The number-crunchers on Wall Street are starting to crunch something else: the news.
Math-loving traders are using powerful computers to speed-read news reports, editorials, company Web sites, blog posts and even Twitter messages — and then letting the machines decide what it all means for the markets.
The development goes far beyond standard digital fare like most-read and e-mailed lists. In some cases, the computers are actually parsing writers' words, sentence structure, even the odd emoticon. A wink and a smile — ;) — for instance, just might mean things are looking up for the markets. Then, often without human intervention, the programmes are interpreting that news and trading on it.
Given the volatility in the markets and concern that computerised trading exaggerates the ups and downs, the notion that Wall Street is engineering news-bots might sound like an investor's nightmare.
But the development, years in the making, is part of the technological revolution that is reshaping Wall Street. In a business where information is the most valuable commodity, traders with the smartest, fastest computers can outfox and outmanoeuvre rivals.
“It is an arms race,” said Roger Ehrenberg, managing partner at IA Ventures, an investment firm specialising in young companies, speaking of some of the new technologies that help traders identify events first and interpret them.
Many of the robo-readers look beyond the numbers and try to analyse market sentiment, that intuitive feeling investors have about the markets. Like the latest economic figures, news and social media buzz — “unstructured data,” as it is known — can shift the mood from exuberance to despondency.
Tech-savvy traders have been scraping data out of new reports, press releases and corporate Web sites for years. But new, linguistics-based software goes well beyond that. News agencies like Bloomberg, Dow Jones and Thomson Reuters have adopted the idea, offering services that supposedly help their Wall Street customers sift through news automatically.
Words and sentiment
Some of these programmes hardly seem like rocket science. Working with academics at Columbia University and the University of Notre Dame, Dow Jones compiled a dictionary of about 3,700 words that can signal changes in sentiment. Feel-good words include obvious ones like “ingenuity,” “strength” and “winner.” Feel-bad ones include “litigious,” “colludes” and “risk.”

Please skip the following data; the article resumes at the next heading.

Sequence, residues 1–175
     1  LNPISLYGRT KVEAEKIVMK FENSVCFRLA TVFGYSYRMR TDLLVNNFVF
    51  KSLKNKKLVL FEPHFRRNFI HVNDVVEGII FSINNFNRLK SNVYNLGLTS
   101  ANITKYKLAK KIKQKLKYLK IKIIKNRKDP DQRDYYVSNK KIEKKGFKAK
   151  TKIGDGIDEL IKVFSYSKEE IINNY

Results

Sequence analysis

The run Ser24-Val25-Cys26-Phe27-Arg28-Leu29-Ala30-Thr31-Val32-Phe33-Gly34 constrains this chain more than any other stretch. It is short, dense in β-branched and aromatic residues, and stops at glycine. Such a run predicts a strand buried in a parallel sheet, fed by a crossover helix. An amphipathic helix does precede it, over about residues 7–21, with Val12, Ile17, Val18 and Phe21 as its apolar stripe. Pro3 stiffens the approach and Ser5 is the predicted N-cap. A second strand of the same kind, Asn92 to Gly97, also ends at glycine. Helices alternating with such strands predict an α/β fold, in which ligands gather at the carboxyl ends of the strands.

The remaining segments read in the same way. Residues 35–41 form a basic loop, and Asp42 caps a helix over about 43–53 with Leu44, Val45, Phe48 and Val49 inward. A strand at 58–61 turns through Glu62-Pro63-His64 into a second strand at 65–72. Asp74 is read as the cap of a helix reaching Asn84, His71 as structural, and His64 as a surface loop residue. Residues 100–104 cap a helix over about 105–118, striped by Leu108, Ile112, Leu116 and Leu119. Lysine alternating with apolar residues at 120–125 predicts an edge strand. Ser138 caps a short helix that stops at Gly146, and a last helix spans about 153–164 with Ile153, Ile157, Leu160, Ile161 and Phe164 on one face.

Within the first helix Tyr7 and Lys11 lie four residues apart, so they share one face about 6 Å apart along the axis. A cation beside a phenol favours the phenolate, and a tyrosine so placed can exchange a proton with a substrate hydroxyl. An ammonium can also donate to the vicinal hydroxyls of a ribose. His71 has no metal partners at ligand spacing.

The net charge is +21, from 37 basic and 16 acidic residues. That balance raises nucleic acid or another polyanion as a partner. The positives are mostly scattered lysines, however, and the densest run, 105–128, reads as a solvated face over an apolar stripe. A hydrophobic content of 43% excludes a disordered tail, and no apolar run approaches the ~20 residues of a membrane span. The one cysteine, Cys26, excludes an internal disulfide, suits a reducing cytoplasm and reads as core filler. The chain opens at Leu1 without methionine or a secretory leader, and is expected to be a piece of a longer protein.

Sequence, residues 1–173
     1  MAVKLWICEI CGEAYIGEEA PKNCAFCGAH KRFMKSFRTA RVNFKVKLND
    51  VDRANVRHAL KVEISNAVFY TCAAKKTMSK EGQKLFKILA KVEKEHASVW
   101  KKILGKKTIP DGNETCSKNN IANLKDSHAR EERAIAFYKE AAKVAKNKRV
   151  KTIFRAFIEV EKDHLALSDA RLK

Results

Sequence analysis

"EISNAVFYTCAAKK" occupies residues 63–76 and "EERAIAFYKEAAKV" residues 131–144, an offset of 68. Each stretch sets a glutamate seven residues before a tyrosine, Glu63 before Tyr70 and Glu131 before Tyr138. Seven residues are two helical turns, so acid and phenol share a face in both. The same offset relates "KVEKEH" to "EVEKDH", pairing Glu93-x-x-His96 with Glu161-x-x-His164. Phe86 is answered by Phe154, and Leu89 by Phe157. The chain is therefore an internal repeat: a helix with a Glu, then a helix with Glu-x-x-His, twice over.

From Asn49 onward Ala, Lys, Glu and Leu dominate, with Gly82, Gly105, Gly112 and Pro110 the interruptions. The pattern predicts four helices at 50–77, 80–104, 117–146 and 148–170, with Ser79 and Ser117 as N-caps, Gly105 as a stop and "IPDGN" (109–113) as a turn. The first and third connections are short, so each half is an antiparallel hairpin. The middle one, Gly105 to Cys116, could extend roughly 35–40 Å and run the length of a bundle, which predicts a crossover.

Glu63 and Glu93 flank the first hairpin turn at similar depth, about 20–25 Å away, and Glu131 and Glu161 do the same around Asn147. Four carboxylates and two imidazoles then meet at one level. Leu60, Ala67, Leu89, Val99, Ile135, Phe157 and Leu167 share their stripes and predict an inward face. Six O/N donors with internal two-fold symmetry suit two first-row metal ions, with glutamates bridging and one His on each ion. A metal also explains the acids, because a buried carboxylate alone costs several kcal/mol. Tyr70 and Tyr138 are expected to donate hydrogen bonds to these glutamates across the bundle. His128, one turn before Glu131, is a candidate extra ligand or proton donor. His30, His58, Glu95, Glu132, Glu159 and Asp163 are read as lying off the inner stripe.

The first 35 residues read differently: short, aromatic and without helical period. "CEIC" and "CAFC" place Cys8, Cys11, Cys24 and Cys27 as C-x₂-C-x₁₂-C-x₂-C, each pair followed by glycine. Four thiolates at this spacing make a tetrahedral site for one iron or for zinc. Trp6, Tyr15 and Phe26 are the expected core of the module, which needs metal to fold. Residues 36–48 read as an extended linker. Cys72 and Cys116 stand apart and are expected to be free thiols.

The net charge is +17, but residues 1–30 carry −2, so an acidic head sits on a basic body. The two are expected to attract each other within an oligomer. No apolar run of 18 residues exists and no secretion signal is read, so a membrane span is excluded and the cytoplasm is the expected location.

The software typically identifies the subject of a story and then examines the actual words. The programmes are written to recognise the meaning of words and phrases in context, like distinguishing between “terribly,” “good” and “terribly good.”
Vince Fioramonti, a portfolio manager at Alpha Equity Management, a $185 million equities fund in Hartford, uses Thomson Reuters software to measure sentiment over weeks, rather than minutes or hours, and pumps that information directly into his fund's trading systems.
“It is an aggregate effect,” Mr. Fioramonti said. “These things give you the ability to assimilate more information.”
Bloomberg monitors news articles and Twitter feeds and alerts its customers if a lot of people are suddenly sending Twitter messages about, say, I.B.M.
Lexalytics, a text analysis company in Amherst, Mass., that works with Thomson Reuters, says it has developed algorithms that make sense out of Twitter messages. That includes emoticons like the happy-face :) and the not-so-happy :\.
Sceptics abound, but proponents insist such software will eventually catch on with traders.
“This is where the news breaks,” said Jeff Catlin, the chief executive of Lexalytics. “You have a leg up if you are a trader.”
The computer-savvy traders known as quants are paying attention. According to Aite Group, a financial services consulting company, about 35 per cent of quantitative trading firms are exploring whether to use unstructured data feeds.
Quants often use these programmes to manage their risks by, say, automatically shutting down trading when bad news hits.
But industry experts say the programmes are also moving the markets. Last May, as Greece's financial crisis deepened, Wall Street computers seized on a news story with the word “abyss” in the headline and initiated sell orders, according to industry experts.
But some warn of a growing digital divide in the markets. Well-heeled traders who can afford sophisticated technology have an edge over everyone else, these people say.
Paul Tetlock, an associate professor at Columbia University who did research that was used to create the news algorithms, worries that technology has skewed the playing field. Regulators, he said, should keep a close eye on these high-speed traders.
“People are trading news at very high frequency,” he said. “People worry about that.”
But the experts are already talking about the next thing — programmes to automatically digest broadcast and closed-caption television. Adam Honoré, the research director at Aite Group, said the innovations did not end there. He said some traders were using software that monitored public statements by corporate executives and administered the computer equivalent of a lie-detector test.
“It is the next wave of trading,” Mr. Honoré said of unstructured data. “It goes hand in hand with more and more of everyday life being digitised.”— © New York Times News Service